Clay Shirky: On Napster, Udacity and the Role of MOOCs in Higher Education

Last week, during a relaxing morning, I happened across a great article by Clay Shirky entitled Napster, Udacity, and the Academy. It kind of blew me away. So much so that I’ve been thinking about it, ever since.

Shirky’s article traces how the mp3 changed the way we interact with music, and from there leaps to propose that our colleges and universities are on the verge of a similar shift.

When the mp3 format first came out, it was dismissed as a sub-standard format: the quality wasn’t comparable to what you would get from a CD. But the mp3 format had the ability to reach a greater audience at a lower cost, and the rest (Pandora,, Rdio) is history.

Shirky goes on to talk about MOOCs (Massive Open Online Courses), and how they’re able to reach a wider audience beyond the boundaries of our existing/physical campuses:

MOOCs expand the audience for education to people ill-served or completely shut out from the current system, in the same way phonographs expanded the audience for symphonies to people who couldn’t get to a concert hall, and PCs expanded the users of computing power to people who didn’t work in big companies.

Here’s a crazy fact: in 2011, two Stanford professors (Peter Norvig and Sebastian Thrun) taught an online course called Introduction to Artifical Intelligence. Of the 160,000 students who signed up, only about 23,000 completed it. And while the success rate isn’t so great, the sheer number of students they were able to educate in one pass is absolutely staggering. Looking back, Thrun said: “Peter and I taught more students AI, than all AI professors in the world combined.”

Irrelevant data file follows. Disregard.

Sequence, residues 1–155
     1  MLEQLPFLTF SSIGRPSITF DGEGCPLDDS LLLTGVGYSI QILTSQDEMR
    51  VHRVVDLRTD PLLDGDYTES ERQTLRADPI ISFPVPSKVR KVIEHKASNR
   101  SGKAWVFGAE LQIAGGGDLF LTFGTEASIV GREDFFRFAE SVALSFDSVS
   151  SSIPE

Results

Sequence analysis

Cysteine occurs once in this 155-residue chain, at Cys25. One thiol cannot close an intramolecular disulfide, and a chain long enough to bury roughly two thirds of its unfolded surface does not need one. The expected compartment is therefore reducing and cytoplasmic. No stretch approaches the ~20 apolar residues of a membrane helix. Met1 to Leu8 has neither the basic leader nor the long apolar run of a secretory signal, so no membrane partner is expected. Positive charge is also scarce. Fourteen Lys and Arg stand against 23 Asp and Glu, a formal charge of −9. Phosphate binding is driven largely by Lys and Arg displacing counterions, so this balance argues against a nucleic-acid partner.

While many view online courses to be inferior to “real” courses, Shirky argues that the very openness of online courses enables them to be improved upon:

And once you imagine educating a thousand people in a single class, it becomes clear that open courses, even in their nascent state, will be able to raise quality and improve certification faster than traditional institutions can lower cost or increase enrollment.

Ok. There’s too much great material in his article, and I’ll likely just end up quoting the whole thing if I don’t stop. I’m very interested to see what my friends (who are still teaching and involved at the university level) think of all this.

The article is well worth a read, and I highly suggest you give it a look (even if you’re not in school, or not involved in higher education). It’s pretty fascinating.

With free online services like Duolingo and Udacitypopping up with greater frequency, who knows what the future has in store for education? But the overall message seems to be that it’s good news for anyone who wants to learn.

Clay Shirky Video: Why SOPA is a Bad Idea
Clay Shirky Video: How Technology is Shaping Groups and Conversations
Learn a New Language While Helping to Translate the Web: Duolingo

This Post Has 0 Comments

Leave A Reply